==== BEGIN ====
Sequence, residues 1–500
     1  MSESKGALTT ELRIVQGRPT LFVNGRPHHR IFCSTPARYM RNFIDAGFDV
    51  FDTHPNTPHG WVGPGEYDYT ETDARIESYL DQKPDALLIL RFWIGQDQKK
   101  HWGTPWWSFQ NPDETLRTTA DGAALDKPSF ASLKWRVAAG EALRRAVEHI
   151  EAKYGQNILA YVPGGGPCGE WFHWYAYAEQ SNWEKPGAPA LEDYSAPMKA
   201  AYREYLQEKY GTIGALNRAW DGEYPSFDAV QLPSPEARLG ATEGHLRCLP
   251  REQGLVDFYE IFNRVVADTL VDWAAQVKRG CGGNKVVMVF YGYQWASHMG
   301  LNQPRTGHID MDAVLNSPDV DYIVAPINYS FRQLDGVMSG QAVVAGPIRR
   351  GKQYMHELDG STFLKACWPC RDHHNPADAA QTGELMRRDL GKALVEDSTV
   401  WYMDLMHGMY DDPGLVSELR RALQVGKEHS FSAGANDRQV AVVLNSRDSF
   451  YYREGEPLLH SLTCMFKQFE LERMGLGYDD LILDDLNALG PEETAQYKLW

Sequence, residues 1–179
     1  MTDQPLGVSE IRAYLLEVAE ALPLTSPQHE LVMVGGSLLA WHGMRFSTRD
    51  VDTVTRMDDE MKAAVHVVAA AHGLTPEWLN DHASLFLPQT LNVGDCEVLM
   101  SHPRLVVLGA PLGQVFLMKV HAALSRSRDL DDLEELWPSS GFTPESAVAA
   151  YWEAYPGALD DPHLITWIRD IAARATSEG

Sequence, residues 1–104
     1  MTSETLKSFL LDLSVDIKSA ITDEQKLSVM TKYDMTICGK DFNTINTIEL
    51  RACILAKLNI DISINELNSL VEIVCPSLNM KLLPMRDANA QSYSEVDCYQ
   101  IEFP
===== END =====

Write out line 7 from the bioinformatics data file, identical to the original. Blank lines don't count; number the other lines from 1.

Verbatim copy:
   251  REQGLVDFYE IFNRVVADTL VDWAAQVKRG CGGNKVVMVF YGYQWASHMG